“Three Strong Women” by Marie Ndiaye (2009) – 293 pages Translated by John Fletcher
The English translation of “Three Strong Women” by French author Marie Ndiaye was published here in the United States last month. This collection of three novellas won the most prestigious French literary prize, the Prix Goncourt, in 2009 and since then has won the International Literature Prize and the European Literature Prize.
The title is a bit of a misnomer since the main characters of the first and third novellas are women, but the main character of the long second novella is a man. Perhaps the author is referring to the man’s wife.
In each of the three novellas Marie Ndiaye puts you deep inside the head of the main character. These are all very emotional stories involving family. There is a lot of anger, bitterness, pain, and remorse in these stories. In the first story, the daughter is the main character and she was rejected at an early age by her wheeler-dealer father who is “deeply shocked and repelled by ugliness” even in his own daughters. She went on to become a lawyer. In the second story a husband is the main character, and his wife had an affair with his boss two years before; the husband is terribly afraid the affair is continuing. This story is a one-day trip into the deranged depths of existence, into hell. In the third story a woman is kicked out of her in-laws’ house after her husband dies, because she was unable to bear any children during the three years they were married. It is those closest to us who can hurt us the most, and we can in turn hurt them the most.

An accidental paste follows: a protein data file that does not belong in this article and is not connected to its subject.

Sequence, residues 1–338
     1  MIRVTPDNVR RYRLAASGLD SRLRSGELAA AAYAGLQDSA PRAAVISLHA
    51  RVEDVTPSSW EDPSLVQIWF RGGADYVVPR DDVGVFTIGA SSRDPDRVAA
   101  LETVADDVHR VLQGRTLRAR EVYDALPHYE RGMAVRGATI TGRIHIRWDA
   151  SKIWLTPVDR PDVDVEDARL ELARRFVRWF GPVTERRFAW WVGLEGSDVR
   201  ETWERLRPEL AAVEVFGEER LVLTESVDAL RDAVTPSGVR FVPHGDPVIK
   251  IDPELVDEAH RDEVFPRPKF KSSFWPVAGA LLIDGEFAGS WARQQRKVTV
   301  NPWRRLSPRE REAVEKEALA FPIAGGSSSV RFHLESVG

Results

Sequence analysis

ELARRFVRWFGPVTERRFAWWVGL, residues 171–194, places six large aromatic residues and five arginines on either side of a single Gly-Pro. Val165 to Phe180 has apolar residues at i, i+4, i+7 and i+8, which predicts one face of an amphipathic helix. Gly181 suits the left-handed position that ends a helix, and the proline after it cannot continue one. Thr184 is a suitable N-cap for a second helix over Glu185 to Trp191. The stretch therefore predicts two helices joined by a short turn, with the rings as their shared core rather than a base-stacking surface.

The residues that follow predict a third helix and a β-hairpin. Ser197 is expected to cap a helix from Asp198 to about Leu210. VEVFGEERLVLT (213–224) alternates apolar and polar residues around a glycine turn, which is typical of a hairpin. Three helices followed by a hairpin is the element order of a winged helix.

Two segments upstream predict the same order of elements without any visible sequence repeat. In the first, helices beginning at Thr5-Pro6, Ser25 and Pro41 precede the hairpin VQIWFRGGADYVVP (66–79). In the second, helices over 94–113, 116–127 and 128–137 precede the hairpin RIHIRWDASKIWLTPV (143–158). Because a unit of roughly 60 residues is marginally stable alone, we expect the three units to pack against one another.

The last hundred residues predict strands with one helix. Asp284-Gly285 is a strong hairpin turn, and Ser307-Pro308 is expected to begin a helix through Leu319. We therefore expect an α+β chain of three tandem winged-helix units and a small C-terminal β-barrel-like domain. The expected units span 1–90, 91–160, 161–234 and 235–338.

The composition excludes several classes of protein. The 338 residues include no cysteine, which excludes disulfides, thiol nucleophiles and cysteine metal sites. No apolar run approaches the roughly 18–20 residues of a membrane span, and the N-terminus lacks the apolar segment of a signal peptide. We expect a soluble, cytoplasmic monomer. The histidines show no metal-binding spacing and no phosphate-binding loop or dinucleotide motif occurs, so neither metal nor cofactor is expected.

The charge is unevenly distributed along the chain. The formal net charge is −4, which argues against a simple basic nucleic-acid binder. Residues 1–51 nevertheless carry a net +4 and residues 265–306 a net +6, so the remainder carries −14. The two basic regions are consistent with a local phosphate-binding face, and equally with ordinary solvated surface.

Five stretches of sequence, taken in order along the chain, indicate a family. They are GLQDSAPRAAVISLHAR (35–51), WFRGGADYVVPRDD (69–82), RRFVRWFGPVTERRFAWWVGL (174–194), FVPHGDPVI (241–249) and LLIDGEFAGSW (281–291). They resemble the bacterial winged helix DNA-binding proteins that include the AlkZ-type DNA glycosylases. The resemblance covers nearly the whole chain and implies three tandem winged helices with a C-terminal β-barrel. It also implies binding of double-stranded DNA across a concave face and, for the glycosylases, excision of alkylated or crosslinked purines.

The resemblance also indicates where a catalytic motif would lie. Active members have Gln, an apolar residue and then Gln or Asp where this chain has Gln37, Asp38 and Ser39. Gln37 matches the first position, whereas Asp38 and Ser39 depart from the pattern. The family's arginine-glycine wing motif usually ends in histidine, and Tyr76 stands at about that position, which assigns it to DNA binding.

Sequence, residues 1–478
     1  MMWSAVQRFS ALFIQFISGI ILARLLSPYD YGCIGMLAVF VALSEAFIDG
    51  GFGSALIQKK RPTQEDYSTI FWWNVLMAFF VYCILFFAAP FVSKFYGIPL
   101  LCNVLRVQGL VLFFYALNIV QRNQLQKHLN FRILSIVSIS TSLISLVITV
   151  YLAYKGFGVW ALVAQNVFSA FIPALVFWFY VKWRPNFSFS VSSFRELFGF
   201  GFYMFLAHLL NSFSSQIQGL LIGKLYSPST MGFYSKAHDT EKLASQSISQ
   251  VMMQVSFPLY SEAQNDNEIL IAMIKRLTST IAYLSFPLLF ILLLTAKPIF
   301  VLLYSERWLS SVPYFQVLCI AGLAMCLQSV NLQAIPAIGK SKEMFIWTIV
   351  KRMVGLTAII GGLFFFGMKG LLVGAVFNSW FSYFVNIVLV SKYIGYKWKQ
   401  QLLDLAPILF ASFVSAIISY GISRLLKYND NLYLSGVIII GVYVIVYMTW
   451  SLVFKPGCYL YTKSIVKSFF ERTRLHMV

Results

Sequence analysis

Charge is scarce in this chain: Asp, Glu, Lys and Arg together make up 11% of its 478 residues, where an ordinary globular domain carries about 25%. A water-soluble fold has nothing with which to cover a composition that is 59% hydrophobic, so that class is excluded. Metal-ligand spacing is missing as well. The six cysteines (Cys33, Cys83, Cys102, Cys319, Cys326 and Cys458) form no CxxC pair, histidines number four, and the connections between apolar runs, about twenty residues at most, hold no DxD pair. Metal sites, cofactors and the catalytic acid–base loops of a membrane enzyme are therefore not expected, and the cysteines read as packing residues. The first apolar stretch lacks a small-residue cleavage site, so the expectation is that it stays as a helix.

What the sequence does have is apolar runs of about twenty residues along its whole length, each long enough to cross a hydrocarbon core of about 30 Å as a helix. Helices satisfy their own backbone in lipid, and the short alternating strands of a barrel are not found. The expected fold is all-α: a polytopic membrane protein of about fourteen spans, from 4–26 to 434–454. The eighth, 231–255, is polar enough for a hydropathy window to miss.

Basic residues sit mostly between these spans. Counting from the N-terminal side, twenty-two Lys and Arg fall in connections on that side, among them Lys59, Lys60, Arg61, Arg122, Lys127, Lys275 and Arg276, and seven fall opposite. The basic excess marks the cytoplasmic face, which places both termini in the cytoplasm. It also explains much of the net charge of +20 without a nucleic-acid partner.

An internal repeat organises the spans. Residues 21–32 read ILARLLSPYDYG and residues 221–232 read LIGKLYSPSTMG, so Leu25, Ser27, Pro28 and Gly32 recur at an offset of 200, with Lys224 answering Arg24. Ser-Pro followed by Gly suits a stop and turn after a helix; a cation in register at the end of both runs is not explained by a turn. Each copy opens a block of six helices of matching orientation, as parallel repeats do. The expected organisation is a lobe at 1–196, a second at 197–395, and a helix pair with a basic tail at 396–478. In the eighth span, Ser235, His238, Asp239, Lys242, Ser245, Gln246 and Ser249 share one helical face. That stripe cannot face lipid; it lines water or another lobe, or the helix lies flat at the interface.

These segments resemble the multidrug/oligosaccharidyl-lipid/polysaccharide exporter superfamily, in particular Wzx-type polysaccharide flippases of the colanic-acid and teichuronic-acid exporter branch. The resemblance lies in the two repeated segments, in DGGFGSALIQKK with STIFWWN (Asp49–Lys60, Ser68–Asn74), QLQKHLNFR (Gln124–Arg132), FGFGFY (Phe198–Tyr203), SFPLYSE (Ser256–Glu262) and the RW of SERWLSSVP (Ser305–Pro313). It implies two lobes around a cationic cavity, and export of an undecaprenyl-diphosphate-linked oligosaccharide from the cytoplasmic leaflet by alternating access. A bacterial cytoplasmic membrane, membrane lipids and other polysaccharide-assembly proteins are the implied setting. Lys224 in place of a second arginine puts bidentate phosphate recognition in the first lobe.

I’m very impressionable while I’m reading novels, easily influenced by feelings and actions within a story. I don’t remain cool, calm, or collected or objective or detached when reading these intense stories. That is the strength of the stories; they make you feel the anger and the pain. Ndiaye is masterful in conveying the situations in which these strong emotions originate. This is not an easy book; the sentences are sometimes long and involved, and the intensity of reading just a few pages at a time wore me out. However the writing is of a high quality and definitely worth the effort.
These affecting stories are not for the faint of heart. Impressionable as I am, perhaps I identified too closely with this guy in the second story who is on the edge of insanity for the entire story. Strong as this story is, reading this story was almost too painful for me.
These are powerful novellas. Can you handle them? I almost couldn’t.